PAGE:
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In the midst of the IMF conference in Washington in October 1999, then-finance minister Avraham Shochat suddenly disappeared.

His bewildered aides couldn't say where he had gone. Even his director-general, Avi Ben-Bassat, had no idea what the minister was up to.

The next day it transpired that although the accepted practice at events like the IMF conference is to rub shoulders with fellow ministers and central bankers of other nations, Shochat had elected to take time off to eat dinner with Shlomo Nehama, the chairman of Bank Hapoalim and Galia Maor, chief executive of Bank Leumi.

Nehama and Maor utilized the meal to tell Shochat why the Mutual Funds Law, being promoted at the time by Ben-Bassat and then-deputy Bank of Israel governor David Klein, as well as Antitrust Commissioner Dror Strum, was a bad thing.

Shochat never stated that he opposed the law. On the contrary, he said he intended to promote it. Yet the bottom line is that the bill wound up collecting dust on a treasury shelf. Nor did Shochat's successor, Silvan Shalom, ever declare opposition to the law. But somehow it remained in animated suspension throughout his stint.

So it was refreshing to hear a top treasury source state this week that the Finance Ministry does mean to pursue reform of the mutual funds system. A key part of the reform is splitting the funds away from the banks that currently run them. Netanyahu, the source said, will be announcing his position in two weeks.

Netanyahu has boasted that he manages to push through reforms never carried out in Israel before, and that analysts and fellow ministers worldwide applaud his accomplishments.

He may be laying it on a little thick, but he does deserve a lot of credit. The treasury is reforming the pension funds where all previous finance ministers had failed, in one of the most striking structural changes carried out in recent years.

One would think that the person behind the pension reform - which is to the ostensible detriment of hundreds of thousands of workers a man who managed to crush the economic power of the Histadrut labor federation by seizing control of its pension funds and a man who did not shy from tackling the labor federation's chairman Amir Peretz - could push through the Mutual Funds Law with a crook of the finger.

The law has been ready to go for four years now. A team of the best professionals from the treasury, the Bank of Israel and the Antitrust Authority have slaved over the plan, which describes exactly how to separate the mutuals from the banks. All Netanyahu has to do is restart the legislative process.

Picking on somebody its own size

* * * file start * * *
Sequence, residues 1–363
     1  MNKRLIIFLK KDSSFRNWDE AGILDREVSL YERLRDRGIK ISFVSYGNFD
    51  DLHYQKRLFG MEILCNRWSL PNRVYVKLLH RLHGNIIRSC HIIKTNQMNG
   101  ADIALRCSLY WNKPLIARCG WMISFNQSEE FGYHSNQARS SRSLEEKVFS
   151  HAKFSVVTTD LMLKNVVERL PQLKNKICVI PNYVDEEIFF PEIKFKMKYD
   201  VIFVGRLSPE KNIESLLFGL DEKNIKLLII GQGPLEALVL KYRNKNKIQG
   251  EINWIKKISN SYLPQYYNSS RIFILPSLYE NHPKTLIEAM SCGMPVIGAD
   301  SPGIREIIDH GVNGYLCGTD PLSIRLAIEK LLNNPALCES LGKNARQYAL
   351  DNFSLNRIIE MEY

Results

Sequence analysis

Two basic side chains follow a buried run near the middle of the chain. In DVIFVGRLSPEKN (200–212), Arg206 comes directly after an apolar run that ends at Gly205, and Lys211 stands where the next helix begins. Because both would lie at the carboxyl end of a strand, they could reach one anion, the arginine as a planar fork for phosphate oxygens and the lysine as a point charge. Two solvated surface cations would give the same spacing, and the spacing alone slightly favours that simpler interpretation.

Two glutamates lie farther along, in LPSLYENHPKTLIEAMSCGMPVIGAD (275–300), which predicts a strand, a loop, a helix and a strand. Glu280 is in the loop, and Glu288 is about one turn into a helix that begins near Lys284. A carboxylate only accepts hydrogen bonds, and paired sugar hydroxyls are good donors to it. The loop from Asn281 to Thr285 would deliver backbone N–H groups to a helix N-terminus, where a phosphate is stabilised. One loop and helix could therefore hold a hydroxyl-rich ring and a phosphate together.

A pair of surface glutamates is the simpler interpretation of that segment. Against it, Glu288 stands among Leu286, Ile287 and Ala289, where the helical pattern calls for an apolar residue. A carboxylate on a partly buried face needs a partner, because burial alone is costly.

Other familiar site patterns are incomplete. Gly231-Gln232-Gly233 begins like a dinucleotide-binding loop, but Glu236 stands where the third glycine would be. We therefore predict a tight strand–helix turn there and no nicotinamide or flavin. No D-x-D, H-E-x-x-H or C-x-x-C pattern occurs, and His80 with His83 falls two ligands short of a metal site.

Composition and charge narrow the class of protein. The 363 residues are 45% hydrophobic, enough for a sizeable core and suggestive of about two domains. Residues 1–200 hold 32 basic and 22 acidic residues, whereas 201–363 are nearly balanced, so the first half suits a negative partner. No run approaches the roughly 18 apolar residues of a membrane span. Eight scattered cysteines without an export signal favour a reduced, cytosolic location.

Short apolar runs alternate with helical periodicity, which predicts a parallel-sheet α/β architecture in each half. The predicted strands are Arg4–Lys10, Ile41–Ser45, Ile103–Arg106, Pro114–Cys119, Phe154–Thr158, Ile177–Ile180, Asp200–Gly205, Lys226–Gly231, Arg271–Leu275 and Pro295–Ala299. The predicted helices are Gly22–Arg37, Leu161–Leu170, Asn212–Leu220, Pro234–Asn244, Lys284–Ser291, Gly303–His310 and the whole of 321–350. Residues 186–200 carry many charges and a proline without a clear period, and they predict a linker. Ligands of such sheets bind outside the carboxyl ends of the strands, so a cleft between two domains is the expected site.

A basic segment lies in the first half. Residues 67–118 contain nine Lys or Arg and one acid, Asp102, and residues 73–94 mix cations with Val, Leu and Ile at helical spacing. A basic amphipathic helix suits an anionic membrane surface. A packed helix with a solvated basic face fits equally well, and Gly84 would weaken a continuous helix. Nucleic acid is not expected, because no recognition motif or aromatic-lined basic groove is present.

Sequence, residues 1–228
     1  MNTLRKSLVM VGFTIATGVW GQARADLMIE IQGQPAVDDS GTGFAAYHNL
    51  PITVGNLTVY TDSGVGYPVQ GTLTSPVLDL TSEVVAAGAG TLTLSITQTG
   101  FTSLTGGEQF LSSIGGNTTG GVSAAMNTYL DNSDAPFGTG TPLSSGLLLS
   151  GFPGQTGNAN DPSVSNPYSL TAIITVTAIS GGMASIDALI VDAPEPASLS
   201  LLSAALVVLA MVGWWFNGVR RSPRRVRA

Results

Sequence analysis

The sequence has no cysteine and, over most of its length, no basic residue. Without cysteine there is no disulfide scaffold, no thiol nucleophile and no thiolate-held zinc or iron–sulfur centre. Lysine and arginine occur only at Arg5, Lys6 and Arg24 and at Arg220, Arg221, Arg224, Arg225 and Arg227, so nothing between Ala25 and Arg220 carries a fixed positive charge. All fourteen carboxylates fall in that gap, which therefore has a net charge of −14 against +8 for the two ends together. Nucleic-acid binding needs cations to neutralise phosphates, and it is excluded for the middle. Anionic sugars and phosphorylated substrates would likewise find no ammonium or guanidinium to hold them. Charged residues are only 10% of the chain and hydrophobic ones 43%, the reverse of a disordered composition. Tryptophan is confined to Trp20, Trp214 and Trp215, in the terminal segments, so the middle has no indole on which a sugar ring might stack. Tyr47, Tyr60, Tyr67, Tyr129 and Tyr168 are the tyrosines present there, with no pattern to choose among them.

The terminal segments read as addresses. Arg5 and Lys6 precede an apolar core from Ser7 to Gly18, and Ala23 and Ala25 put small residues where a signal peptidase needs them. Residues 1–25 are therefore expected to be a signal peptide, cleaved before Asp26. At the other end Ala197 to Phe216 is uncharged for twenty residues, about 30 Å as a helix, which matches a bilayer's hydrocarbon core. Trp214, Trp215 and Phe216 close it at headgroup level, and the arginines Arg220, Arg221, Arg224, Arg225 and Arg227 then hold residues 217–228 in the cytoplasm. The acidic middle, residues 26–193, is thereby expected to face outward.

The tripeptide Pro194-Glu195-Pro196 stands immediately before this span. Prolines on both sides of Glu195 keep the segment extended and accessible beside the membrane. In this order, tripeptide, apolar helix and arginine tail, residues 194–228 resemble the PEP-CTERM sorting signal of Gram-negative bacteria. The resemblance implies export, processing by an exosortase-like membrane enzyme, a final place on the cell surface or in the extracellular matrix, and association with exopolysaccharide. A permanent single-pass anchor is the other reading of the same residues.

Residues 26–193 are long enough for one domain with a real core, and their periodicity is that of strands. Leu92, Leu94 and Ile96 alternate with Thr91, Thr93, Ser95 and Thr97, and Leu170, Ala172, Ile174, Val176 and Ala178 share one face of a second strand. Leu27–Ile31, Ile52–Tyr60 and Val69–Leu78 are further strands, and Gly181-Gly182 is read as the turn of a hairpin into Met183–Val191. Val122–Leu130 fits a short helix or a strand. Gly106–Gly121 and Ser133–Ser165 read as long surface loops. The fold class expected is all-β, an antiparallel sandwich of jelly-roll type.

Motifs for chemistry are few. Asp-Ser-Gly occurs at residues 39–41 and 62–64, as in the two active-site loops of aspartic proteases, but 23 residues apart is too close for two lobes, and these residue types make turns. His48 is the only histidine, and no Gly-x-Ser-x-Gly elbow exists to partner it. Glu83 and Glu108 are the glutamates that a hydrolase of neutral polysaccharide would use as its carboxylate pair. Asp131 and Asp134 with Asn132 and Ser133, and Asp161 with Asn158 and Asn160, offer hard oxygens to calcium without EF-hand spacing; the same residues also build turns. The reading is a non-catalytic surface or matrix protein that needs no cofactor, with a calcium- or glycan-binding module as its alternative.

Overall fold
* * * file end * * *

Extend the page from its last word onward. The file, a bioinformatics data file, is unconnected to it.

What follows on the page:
The law is designed to enhance competitiveness in the capital market and reduce the over-concentration of power in the banking establishment. It would win the hearts and minds of the professional echelon across the board, and of the public too. One would think that passing the law would be a piece of cake for Israel's economic wizard.

But reality has a way of rearing its ugly head.

When passing the pension reform law, Netanyahu was dealing with hundreds of thousands of workers insured by the pension funds, but they had no real clout - not in parliament, not in the government, and not in the Likud Central Committee. History shows that the government usually wins battles with people like these.

The problem this time around is that the treasury is dealing with very strong groups indeed. These are groups that have connections with the Knesset and the parties, as well as personal relationships with ministers and heads of state.

In his battle to pry away the mutuals from the banks, Netanyahu faces a small group - 10 people at most - the owners and top managers of the large banks.

Nehama, the chairman of Israel's biggest bank, Hapoalim, leads the list. He was the man who mediated between Netanyahu and Prime Minister Ariel Sharon just four months ago regarding Netanyahu's appointment as finance minister. Another person at the top of the list is Leumi's Maor, who also knows her way around the corridors in Jerusalem, although she steps more softly.

History also shows that the tycoons and the bankers are consummate masters at blocking reforms. They have managed to delay and sidle around the Mutual Funds Law for a good 10 years now. They have attacked it directly in personal meetings with ministers, and working via lobbyists, they quashed it at the Knesset's Economics and Finance Committees. They also managed to market their claims to the press quite effectively.

If Netanyahu announces that he's acting to sever the mutuals from the banks, he can prove that the image he's so assiduously cultivating, the great reformer, has meat. He can prove that he can also pursue reforms that hurt the strongest people in the marketplace.

It will be an extremely interesting test for the first finance minister in Israel to ever be considered, so far, a success.